Two Schools, Two Teachings, Two Results
In September of 2005, a social studies schoolteacher from Arkansas did something not to be forgotten. On the first day of school, with permission of the school superintendent, the principal, and the building supervisor, she took all of the desks out of the classroom. The kids came into first period, they walked in; there were no desks. They obviously looked around and said, "Where's our desks?"It's particularly appropriate that John sent this today -- for two reasons.
The teacher said, "You can't have a desk until you tell me how you earn them."
They thought, "Well, maybe it's our grades."
"No," she said.
"Maybe it's our behavior."
And she told them, "No, it's not even your behavior."
And so they came and went in the first period, still no desks in the classroom. Second period, same thing. Third period. By early afternoon television news crews had gathered in the class to find out about this crazy teacher who had taken all the desks out of the classroom. The last period of the day, the instructor gathered her class.
They were at this time sitting on the floor around the sides of the room. She said, "Throughout the day no one has really understood how you earn the desks that sit in this classroom ordinarily. Now I'm going to tell you."
She went over to the door of her classroom and opened it, and as she did 27 U.S. veterans, wearing their uniforms, walked into that classroom, each one carrying a school desk. And they placed those school desks in rows, and then they stood along the wall. By the time they had finished placing the desks, those kids for the first time I think perhaps in their lives understood how they earned those desks.
Their teacher said, "You don't have to earn those desks. These guys did it for you. They put them out there for you, but it's up to you to sit here responsibly, to learn, to be good students and good citizens, because they paid a price for you to have that desk, and don't ever forget it."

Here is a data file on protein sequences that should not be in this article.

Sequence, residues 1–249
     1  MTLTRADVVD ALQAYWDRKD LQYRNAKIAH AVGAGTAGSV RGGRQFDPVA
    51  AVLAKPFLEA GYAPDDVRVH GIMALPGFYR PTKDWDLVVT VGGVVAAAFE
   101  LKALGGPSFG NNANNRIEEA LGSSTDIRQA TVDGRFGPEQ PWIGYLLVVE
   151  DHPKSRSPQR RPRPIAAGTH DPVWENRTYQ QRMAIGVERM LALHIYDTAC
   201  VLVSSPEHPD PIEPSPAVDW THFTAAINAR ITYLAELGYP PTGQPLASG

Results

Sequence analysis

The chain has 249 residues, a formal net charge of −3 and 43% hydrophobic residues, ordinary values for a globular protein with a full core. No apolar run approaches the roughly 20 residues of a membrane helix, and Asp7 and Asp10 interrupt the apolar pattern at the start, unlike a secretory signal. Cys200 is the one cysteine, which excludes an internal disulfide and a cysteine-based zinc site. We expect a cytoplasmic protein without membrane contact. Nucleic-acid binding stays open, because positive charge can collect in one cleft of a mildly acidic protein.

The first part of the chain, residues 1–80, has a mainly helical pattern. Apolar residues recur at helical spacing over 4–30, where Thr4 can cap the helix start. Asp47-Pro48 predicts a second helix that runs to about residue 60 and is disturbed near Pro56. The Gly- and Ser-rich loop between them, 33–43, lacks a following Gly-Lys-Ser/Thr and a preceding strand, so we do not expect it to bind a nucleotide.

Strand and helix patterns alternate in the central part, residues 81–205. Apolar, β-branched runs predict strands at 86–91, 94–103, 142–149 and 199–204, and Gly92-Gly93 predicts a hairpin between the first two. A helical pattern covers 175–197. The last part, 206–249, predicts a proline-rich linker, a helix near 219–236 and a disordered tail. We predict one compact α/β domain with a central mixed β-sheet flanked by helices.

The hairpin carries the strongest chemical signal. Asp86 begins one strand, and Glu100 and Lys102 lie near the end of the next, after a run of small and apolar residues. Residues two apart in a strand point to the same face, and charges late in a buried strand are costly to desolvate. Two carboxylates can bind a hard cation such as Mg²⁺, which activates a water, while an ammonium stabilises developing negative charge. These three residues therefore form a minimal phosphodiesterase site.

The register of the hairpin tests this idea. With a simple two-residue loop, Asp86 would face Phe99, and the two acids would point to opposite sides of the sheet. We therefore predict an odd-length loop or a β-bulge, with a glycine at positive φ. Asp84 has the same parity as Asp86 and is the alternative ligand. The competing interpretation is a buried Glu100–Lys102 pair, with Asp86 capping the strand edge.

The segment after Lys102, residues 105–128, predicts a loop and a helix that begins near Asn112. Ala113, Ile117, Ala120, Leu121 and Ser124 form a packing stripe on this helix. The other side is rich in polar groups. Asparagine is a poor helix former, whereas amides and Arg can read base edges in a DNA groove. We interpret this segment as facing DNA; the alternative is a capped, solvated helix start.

First, I heard this morning about a New Jersey high school that wanted to train kids for a terrorist attack, and decided to use Christian, not Islamist, terrorists in their drill. Here's how the American Center for Law & Justice summarized the event:
On March 23, 2007, the Burlington County Times reported that Burlington Township High School conducted a simulated hostage drill to test the reactions of the police, faculty and school administration. Officials were quoted as saying, “We need to practice under conditions as real as possible in order to evaluate our procedures and plans so that they’re as effective as possible.”
According to the article, two officers, playing the role of the armed intruders, invaded the school and pretended to shoot several students. Although the full student body was not present for the drill, several students volunteered to act as hostages or wounded victims. The officers barricaded themselves in the school’s media center with ten student hostages. The school resource officer and the Burlington County Joint Tactical Team worked to secure the school, and faculty members simulated a school lockdown and evacuation.